There are similar phase diagrams for all freeze point depressants. As we can see from the diagram provided, a 29.8% calcium chloride solution will not freeze until the temperature reaches -51o C - this is its Eutectic Point.
When we place dry salt onto a pavement surface, we want the salt to dissolve and form a solution of salt and water, which is called brine. It is this brine that in fact melts the frost, snow or ice. Our goal is to create a layer of brine at the pavement surface to prevent the snow pack or ice from bonding to the pavement. This makes it much easier to remove the snow mechanically.
It can take a long time to make brine on the road by placing solid salt and letting nature make the brine - particularly at lower temperatures. It is very difficult to create a high concentration of brine in this way. This is one reason why sodium chloride is usually not used below -10o C. Two ways many public road authorities and increasingly more private contractors are addressing this problem is by spreading straight liquid salt (liquid anti-icing) or adding brine to the solid salt (pre-wetting) as it is spread to help the salt dissolve more quickly. By applying liquid rather than solid salt, it is possible to speed up the melting action.
One must be careful of refreeze when working with any freeze point depressant such as salt. As more snow and ice melts, more water goes into the solution and the concentration of salt in the resultant mixture decreases. Therefore, this dilution raises the temperature at which the solution will freeze. Referring back to the phase diagram for NaCl, a 15% brine solution will freeze at -10o C. If snow melts and dilutes the brine concentration by half, then the resultant 7.5% brine will freeze at around -5o C. This is one reason why it is important to remove as much snow from the pavement surface as possible before adding salt. Similarly, if the temperature drops below the freeze point of the brine, ice will form.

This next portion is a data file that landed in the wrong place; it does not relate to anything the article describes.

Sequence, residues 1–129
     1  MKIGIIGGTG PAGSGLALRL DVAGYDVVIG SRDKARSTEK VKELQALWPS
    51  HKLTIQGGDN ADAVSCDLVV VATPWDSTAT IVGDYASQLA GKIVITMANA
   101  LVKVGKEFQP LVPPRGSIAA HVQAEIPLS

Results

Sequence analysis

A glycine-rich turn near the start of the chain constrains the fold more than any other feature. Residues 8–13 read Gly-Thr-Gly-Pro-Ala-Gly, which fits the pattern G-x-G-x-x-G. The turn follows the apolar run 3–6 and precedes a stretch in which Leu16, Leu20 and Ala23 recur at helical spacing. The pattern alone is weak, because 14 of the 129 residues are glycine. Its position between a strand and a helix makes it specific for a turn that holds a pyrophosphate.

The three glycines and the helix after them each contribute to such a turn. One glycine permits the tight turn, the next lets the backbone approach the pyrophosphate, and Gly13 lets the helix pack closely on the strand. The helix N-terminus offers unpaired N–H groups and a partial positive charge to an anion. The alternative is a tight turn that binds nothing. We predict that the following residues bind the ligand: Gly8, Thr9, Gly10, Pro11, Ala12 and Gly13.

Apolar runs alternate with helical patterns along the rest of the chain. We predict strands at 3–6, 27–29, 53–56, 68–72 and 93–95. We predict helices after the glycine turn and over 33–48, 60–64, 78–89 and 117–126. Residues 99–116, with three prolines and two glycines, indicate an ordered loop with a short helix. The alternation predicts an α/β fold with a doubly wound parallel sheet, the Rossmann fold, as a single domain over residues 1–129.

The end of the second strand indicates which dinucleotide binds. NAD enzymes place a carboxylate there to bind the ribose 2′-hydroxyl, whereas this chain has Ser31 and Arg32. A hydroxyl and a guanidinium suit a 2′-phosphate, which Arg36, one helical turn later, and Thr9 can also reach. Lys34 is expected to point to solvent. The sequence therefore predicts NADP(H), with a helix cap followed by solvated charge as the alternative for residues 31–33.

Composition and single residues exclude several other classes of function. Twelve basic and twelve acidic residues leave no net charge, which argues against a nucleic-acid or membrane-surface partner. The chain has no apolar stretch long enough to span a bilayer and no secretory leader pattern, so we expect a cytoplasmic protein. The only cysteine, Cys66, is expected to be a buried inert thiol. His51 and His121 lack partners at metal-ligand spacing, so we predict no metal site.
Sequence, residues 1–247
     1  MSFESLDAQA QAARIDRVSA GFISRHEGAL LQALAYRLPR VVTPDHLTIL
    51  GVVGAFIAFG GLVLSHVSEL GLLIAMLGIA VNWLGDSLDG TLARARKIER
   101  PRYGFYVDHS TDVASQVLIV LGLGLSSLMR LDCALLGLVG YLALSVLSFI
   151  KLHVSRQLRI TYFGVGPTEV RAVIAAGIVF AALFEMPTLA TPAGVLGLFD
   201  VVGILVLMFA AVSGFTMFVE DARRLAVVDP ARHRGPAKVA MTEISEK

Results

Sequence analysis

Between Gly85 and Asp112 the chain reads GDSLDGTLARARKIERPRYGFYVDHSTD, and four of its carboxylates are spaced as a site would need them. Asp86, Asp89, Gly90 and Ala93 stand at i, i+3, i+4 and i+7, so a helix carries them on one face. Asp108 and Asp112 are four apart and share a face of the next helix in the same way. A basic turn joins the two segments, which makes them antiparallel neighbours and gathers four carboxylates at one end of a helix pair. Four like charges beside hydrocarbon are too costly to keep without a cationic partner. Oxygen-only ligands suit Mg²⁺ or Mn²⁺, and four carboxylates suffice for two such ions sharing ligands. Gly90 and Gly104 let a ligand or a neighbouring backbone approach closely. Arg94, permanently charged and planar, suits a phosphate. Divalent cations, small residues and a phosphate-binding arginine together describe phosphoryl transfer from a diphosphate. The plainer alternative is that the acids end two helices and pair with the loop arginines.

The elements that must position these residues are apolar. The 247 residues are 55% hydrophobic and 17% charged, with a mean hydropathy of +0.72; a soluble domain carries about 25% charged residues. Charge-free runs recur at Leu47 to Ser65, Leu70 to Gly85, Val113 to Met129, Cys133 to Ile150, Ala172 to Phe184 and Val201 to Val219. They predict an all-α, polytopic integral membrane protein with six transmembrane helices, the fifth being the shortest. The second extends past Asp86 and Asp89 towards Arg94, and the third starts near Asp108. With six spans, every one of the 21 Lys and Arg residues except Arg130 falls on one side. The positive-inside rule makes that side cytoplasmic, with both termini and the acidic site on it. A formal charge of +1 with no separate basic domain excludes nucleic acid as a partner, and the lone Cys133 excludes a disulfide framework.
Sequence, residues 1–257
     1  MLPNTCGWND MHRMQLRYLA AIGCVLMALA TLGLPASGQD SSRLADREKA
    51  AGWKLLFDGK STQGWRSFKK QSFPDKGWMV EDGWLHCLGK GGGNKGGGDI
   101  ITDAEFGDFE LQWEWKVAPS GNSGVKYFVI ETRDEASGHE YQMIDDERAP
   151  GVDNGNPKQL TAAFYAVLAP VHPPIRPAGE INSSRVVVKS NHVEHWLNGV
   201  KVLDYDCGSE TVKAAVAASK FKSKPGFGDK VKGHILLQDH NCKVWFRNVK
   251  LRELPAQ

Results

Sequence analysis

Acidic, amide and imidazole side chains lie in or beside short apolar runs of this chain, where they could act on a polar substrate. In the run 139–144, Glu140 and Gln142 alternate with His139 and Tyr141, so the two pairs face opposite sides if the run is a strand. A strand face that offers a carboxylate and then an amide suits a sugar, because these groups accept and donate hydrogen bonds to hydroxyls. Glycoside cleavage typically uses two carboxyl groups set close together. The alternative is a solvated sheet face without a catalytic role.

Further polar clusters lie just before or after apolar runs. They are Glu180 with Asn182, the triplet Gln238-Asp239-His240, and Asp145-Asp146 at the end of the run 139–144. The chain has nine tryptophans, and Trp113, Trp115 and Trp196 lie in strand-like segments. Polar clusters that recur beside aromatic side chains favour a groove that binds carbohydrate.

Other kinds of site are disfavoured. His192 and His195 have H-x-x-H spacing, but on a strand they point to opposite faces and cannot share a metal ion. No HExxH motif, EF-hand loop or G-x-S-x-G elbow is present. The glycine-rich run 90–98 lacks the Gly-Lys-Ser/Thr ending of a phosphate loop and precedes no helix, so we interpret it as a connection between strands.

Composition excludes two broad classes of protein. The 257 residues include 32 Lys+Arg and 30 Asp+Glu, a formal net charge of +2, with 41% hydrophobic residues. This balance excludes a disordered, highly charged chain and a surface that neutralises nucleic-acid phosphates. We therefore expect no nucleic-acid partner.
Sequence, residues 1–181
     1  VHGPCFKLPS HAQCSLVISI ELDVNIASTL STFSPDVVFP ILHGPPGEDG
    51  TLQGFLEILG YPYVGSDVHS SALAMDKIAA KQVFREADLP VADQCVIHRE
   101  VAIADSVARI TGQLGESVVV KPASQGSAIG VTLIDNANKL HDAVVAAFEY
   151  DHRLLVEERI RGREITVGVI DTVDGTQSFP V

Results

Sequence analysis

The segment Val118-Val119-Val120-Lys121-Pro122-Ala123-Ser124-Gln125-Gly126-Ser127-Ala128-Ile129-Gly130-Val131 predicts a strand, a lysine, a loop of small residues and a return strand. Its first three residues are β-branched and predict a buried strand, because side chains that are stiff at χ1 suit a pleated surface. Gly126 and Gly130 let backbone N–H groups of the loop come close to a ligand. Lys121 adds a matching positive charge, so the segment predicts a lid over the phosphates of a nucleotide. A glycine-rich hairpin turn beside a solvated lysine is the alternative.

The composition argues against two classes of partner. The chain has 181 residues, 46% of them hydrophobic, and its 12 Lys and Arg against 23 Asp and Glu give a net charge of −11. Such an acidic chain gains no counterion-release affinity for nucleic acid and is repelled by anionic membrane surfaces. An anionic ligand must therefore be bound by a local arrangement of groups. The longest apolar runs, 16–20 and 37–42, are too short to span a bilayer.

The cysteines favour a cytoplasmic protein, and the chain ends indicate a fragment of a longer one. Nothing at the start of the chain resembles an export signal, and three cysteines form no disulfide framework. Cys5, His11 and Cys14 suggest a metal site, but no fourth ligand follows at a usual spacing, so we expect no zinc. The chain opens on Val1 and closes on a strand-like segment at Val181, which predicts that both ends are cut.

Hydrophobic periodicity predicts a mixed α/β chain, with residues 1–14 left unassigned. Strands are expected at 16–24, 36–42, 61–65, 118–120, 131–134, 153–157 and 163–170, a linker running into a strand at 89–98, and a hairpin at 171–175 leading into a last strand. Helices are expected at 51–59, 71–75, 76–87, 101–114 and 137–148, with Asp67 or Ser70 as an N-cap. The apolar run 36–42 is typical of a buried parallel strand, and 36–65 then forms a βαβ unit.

Contractors and owners need to ensure that the people making salt use decisions understand how salt works.
3. How Much Is Enough?
There are many factors that affect the answer to this question. A major factor is the amount of frost, snow or ice that needs to be removed. In the case of frost, relatively little salt will be required to melt the frost. Since moisture and heat are necessary to change a solid sodium chloride crystal to brine, applying dry sodium chloride (endothermic) can actually aggravate a condition where the pavement temperature is hovering near freezing by drawing heat from the pavement and lowering the pavement temperature. This phenomenon does not occur when a liquid anti-icing material is applied since there is no phase change required. Some other considerations include:
- Moist snow will activate salt more quickly than dry snow since there is more moisture available to begin the brine-making process.
- Warm salt will activate more quickly than cold salt since there is more heat available to activate the brine-making process.
- Fine salt will activate more quickly since it has greater surface area and therefore will dissolve faster.
- More salt is needed at colder temperatures because it is activated more slowly.
- Roads that have traffic to mix the salt and snow will clear more quickly than parking lots where vehicles tend to sit for long periods of time.
- Property owners and contractors should determine and agree on the application rates for different conditions.
The freeze point of water is lowered below 0o C by adding a freeze point depressant such as salt.